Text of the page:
Along Bridge Road:
Discovery/Atlantic Fields: 1530 Acres
Whitworth Ranch: 2824 Acres
Harmony/DiVosta: 2727 Acres
Three Lakes Golf Course: 1218 Acres
Atlas Family IV: 1695 Acres
Agri-Gators Farm: 1930 Acres
Everyone speaks about the sacred comp plan as if it is Holy Writ. It wasn’t until the 1980s when adopted that we were required to have one by the state. It is required to be updated (changed) periodically to adjust for circumstances such as population increases within the USB. At some point in the next few years, the line of the USB will be moved.
The two ways we can preserve our rural lands are to encourage infill development and greater density within the USB and to allow limited development using planning mechanisms such as Rural Lifestyle. In Discovery’s case, 70% of their proposed development will be green lands and another 800 acres will be a permanent agricultural trust with Conservation Florida as the nonprofit owner.
We need to accept that these type developments will attract very wealthy people. They will pay a great deal in taxes and ask for few services. Martin County will be another playground to them. But is that bad?
I was in favor of leaving each project to stand on its own but then that may trigger a spot zoning claim. Spot zoning refers to when a piece of property or groups of property have special zoning laws applied to them that differ from the zoning laws surrounding them. By giving alternatives to landowners, the sprawl that these large parcels may engender could be avoided.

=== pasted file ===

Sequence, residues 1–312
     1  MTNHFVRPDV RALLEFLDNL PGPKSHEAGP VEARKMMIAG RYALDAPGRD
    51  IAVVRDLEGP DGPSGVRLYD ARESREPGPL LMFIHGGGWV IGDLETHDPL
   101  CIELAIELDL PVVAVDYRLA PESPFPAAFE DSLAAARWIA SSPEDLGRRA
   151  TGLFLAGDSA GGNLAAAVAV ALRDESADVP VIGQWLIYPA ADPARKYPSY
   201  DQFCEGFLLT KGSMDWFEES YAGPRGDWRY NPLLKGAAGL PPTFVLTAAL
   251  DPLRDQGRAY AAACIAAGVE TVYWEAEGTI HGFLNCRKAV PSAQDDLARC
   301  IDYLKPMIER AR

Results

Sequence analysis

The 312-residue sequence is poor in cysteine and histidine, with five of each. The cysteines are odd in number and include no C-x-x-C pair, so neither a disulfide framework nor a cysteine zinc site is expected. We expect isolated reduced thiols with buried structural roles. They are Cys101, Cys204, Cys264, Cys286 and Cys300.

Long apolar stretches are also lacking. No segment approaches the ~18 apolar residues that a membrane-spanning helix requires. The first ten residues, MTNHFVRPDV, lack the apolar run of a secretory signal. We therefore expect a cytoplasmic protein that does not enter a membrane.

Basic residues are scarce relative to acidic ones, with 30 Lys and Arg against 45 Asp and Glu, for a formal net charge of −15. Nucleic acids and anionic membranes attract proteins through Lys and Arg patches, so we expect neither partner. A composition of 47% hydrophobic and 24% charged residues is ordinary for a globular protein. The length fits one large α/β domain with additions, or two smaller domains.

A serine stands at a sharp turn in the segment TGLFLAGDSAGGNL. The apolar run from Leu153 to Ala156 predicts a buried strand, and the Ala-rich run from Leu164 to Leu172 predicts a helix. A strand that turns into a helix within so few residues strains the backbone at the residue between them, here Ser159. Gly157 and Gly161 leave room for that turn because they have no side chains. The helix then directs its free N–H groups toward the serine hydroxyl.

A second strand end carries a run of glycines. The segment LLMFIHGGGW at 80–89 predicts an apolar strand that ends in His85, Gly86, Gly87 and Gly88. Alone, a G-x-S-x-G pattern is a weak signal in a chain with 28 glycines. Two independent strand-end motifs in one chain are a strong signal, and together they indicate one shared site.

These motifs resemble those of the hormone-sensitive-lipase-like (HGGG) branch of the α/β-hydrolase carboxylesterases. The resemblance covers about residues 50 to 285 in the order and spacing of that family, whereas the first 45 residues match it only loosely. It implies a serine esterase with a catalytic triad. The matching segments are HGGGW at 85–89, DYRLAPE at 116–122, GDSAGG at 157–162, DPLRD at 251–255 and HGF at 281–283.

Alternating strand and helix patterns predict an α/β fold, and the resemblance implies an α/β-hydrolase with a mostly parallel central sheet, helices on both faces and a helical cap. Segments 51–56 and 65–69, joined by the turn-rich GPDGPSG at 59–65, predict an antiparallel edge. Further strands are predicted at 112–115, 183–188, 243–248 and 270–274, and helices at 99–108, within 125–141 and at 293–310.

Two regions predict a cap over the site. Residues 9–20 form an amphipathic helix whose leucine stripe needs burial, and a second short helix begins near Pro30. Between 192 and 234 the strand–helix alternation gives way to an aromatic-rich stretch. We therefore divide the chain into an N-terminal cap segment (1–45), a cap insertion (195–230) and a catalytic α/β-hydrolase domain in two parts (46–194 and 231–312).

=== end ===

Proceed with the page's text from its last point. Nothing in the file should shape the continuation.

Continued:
I am now convinced that the Rural Lifestyle is the way to proceed for Martin County in these very limited circumstances. I urge the commission to embrace and pass this amendment. Without it, I believe we will end up with western lands that may look like St. Lucie County or, heaven forbid, Broward.
But we need to remember there is a second piece to this puzzle. It is to increase density and development within the Urban Services Boundary preferably within the CRAs. If we do not do this, Tallahassee will do it for us in a one-size-fits-all bill. That may be a great boom to Miami-Dade but will be the end of the Martin County lifestyle that residents cherish.
Tom Campenni is founder and editor of Friends & Neighbors of Martin County. The articles are a labor of love for the people of Martin County so they may continually stay informed.
Martin County Commission Meeting
Tuesday, September 13 at 9 a.m.
Martin County Administration Center, 2401 S.E. Monterey Road, Stuart
Please contact commissioners and ask them to vote “Yes” for Rural Lifestyle and Atlantic Fields.